Strong recommendation against knee arthroscopy - Health Resource International West Africa (HRI)

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Tuesday, 23 May 2017

Strong recommendation against knee arthroscopy



Knee arthroscopy is strongly recommended against in almost all patients with degenerative knee disease,  a panel of international experts report in The BMJ. A systematic review concluded it that does not, on average, result in a lasting improvement in pain or function

ABSTRACT
Objective: To determine the effects and complications of arthroscopic surgery compared with conservative management strategies in patients with degenerative knee disease.
Design: Systematic review.
Main outcome measures: Pain, function, adverseMevents.
Data sources: MEDLINE, EMBASE, the Cochrane Central Register of Controlled Trials (CENTRAL), Google Scholar and Open Grey up to August 2016.
Eligibility criteria: For effects, randomised clinical trials (RCTs) comparing arthroscopic surgery with a conservative management strategy (including sham surgery) in patients with degenerative knee disease. For complications, RCTs and observational studies.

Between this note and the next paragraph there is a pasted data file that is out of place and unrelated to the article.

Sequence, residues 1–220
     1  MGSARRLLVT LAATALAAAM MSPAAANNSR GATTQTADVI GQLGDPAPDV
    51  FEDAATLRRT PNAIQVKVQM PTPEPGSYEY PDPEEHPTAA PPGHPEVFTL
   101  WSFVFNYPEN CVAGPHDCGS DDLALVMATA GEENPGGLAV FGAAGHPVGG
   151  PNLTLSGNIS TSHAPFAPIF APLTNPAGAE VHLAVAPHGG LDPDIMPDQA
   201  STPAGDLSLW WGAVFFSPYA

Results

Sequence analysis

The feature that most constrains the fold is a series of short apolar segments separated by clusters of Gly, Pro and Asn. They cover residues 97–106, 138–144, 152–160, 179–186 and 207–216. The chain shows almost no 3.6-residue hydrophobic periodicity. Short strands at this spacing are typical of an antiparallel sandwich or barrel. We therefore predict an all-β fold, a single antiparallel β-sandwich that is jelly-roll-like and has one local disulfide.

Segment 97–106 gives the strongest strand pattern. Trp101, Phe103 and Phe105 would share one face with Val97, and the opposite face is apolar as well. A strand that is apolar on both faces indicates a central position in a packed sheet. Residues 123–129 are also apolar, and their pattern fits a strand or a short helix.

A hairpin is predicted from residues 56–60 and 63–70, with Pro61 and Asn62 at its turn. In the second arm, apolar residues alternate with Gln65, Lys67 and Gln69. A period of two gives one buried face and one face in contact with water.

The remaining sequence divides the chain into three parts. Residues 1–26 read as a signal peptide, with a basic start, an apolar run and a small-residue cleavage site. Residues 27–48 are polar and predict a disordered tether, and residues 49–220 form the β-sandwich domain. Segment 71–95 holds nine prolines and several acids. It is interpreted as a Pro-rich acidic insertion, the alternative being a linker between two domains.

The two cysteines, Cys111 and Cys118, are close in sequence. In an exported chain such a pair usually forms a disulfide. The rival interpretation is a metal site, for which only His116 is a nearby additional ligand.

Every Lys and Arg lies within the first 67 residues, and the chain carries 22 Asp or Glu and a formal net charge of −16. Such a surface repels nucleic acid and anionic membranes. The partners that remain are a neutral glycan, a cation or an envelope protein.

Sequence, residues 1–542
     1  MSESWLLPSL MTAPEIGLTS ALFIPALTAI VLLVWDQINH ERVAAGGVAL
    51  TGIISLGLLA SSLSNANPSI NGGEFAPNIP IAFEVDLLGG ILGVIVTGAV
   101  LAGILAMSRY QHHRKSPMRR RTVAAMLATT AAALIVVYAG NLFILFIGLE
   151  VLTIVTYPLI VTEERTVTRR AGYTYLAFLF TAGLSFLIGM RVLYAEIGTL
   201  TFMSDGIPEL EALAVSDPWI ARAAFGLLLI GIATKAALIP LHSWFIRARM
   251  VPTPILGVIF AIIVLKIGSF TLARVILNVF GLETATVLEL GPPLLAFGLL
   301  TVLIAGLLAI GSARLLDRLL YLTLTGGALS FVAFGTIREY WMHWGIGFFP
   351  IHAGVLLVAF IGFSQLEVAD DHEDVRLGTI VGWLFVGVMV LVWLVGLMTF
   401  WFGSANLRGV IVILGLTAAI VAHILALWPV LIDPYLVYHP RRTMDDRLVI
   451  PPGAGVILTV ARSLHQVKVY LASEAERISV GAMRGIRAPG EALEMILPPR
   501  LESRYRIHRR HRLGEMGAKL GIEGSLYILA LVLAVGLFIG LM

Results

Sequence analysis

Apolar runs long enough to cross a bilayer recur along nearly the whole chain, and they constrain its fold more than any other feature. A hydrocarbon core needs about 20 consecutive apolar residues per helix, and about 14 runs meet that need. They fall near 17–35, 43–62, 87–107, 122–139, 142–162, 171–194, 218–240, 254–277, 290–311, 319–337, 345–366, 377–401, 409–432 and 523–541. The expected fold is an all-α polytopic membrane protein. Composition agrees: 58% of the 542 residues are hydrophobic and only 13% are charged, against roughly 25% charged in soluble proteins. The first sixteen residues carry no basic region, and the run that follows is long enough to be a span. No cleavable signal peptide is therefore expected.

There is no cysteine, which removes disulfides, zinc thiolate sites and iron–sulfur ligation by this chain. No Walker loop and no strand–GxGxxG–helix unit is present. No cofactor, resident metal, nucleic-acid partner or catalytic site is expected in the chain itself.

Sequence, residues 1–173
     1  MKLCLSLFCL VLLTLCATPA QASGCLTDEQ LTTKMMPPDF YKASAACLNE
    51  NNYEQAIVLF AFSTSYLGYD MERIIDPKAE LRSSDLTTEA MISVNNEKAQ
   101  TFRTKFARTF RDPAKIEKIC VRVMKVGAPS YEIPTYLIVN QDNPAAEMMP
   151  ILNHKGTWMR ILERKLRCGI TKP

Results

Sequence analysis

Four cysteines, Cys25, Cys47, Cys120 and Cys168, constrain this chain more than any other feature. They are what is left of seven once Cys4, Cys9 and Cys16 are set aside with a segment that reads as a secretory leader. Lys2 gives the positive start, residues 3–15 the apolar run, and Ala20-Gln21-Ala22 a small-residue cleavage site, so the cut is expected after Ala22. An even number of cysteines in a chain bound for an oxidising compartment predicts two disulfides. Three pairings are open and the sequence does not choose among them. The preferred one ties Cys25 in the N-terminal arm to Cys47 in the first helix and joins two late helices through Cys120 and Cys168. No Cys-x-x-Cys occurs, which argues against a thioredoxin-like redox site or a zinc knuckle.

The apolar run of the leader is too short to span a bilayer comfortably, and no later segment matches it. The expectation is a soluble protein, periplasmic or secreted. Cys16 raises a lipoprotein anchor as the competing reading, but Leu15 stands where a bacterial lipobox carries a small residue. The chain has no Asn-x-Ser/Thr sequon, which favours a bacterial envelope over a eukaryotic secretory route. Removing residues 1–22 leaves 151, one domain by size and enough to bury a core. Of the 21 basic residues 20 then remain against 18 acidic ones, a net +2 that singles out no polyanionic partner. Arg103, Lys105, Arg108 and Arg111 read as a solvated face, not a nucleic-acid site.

Review methods: Two reviewers independently extracted data and assessed risk of bias for patient-important outcomes. A parallel guideline committee (BMJ Rapid Recommendations) provided input on the design and interpretation of the systematic review, including selection of patient-important outcomes. We used the GRADE approach to rate the certainty (quality) of the evidence.
Results: We included 13 RCTs and 12 observational studies. With respect to pain, the review identified high-certainty evidence that knee arthroscopy results in a very small reduction in pain up to 3 months (mean difference =5.4 on a 100-point scale, 95% CI 2.0 to 8.8) and very small or no pain reduction up to 2 years (mean difference =3.1, 95% CI −0.2 to 6.4) when compared with conservative management. With respect to function, the review identified moderate-certainty evidence that knee arthroscopy results in a very small improvement in the short term (mean difference =4.9 on a 100-point scale,
95% CI 1.5 to 8.4) and very small or no improved function up to 2 years (mean difference =3.2, 95% CI −0.5 to 6.8). Alternative presentations of magnitude of effect, and associated sensitivity
analyses, were consistent with the findings of the primary analysis. Low-quality evidence suggested a very low probability of serious complications after knee arthroscopy.
Conclusions: Over the long term, patients who undergo knee arthroscopy versus those who receivE conservative management strategies do not have important benefits in pain or function.’/


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